1943 Patriotic, iconic, brand-building genius at its best. Coke’s WW2 ads always show a Boy-Scout version of WW2 - gallant lads in clean sharp uniforms, behaving well. Everyone’s square-jawed, and gives a square deal; everyone’s clean & reverent. Even the home-front ads show war workers. Everyone’s cheerful; everyone looks to the sky with a fierce expression of hope and determination. It would be easy to dismiss as crude propaganda - except that it was art in the service of virtue. It was a just cause. Coke was on the side of the angels.
The ads amuse people who’ve been in the service - the pictures of Yanks and Brit fliers playing chess in merry collegiality, or the fellow who finds a Coke sign on a wall pockmarked by bullets - he’s obviously part of the invasion force, since it’s a French town, but his uniform is spotless.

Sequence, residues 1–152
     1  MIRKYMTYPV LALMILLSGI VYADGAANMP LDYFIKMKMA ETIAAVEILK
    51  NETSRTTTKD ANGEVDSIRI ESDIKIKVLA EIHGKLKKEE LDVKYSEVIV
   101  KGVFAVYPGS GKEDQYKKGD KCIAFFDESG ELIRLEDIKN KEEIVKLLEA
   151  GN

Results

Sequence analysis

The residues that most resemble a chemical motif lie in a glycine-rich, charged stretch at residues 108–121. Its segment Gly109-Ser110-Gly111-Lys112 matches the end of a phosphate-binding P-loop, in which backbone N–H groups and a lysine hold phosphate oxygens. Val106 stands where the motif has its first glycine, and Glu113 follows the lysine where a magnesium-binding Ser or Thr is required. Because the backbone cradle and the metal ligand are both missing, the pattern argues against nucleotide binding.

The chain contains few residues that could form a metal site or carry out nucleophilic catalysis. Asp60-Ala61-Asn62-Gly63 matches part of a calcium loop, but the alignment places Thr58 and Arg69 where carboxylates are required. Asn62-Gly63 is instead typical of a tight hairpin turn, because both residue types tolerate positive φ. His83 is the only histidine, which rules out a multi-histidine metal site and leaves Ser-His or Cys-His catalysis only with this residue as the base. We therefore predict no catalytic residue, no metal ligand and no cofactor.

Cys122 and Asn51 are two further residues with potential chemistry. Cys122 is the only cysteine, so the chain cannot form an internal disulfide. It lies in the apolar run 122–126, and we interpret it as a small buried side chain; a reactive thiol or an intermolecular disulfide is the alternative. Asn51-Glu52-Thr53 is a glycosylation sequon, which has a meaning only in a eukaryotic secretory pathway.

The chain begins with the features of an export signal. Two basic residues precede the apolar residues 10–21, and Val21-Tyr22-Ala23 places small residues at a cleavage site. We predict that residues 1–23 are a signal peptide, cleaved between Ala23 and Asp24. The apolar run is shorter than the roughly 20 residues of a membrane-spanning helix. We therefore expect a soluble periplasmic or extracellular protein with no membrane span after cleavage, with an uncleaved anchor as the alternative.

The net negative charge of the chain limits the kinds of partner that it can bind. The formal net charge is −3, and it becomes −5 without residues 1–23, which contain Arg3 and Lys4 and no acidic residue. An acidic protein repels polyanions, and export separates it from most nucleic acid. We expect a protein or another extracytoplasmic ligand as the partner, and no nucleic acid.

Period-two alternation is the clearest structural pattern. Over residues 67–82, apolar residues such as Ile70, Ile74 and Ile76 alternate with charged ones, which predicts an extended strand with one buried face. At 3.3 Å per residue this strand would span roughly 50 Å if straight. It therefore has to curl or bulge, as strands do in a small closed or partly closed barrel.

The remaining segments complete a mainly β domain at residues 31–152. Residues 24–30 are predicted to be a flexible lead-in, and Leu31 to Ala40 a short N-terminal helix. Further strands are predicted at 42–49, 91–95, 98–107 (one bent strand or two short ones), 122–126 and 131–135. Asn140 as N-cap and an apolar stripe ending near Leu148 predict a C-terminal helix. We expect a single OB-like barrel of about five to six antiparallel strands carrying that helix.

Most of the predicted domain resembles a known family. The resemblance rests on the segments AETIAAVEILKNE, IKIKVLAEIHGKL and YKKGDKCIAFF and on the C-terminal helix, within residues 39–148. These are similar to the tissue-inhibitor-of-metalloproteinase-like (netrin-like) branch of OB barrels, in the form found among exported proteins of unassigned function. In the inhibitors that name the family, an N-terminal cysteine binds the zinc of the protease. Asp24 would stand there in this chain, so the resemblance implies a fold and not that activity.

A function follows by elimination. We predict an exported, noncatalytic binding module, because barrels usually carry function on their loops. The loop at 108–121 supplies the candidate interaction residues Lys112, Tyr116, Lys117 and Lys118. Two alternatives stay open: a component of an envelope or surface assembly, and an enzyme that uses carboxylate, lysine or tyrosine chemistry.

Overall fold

Nevermind that. This was the war people wanted to believe in. A war that had its good moments. Its compensations. Wry moments. Small potent examples of American virtue, projected to unlikely locales.
You could break down the war ads to two styles, two brands: A Coke moment or a Hallmark moment. The former was amusing; the latter yanked the heartstrings. On the other side of this page was an ad for Hallmark cards. The wordy melancholic text detailed a Christmas where everyone gathered around a tree and carried on as normal, because that’s what Bobby wanted. Bobby was away, but he wanted everyone to have the bestest Christmas ever with the biggest tree, because that’s what he was fighting for. I’d post the ad, but it didn’t scan well. Also, it makes you want to slit your wrists. It’s not that it’s depressing: it’s accurate. Dead-on accurate.
Inasmuch as any of these ads are accurate. Even the grimmest is a painterly fiction; there aren’t any spilled intestines or missing limbs or dead buddies or torchlight parades for the swastika side. But nearly every ad in the early 40s touched on the war.